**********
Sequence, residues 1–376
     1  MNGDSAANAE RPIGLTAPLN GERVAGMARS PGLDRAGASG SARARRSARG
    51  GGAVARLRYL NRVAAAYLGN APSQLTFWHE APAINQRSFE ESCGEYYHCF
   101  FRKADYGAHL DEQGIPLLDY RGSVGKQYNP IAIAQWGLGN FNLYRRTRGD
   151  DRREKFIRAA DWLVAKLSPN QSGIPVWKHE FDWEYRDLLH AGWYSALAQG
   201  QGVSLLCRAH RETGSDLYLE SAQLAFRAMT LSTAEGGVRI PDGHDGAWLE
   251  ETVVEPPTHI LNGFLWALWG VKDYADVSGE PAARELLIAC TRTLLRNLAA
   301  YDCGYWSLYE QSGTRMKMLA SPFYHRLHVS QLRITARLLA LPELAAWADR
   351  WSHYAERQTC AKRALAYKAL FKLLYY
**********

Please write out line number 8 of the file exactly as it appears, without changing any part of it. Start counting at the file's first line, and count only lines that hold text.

   301  YDCGYWSLYE QSGTRMKMLA SPFYHRLHVS QLRITARLLA LPELAAWADR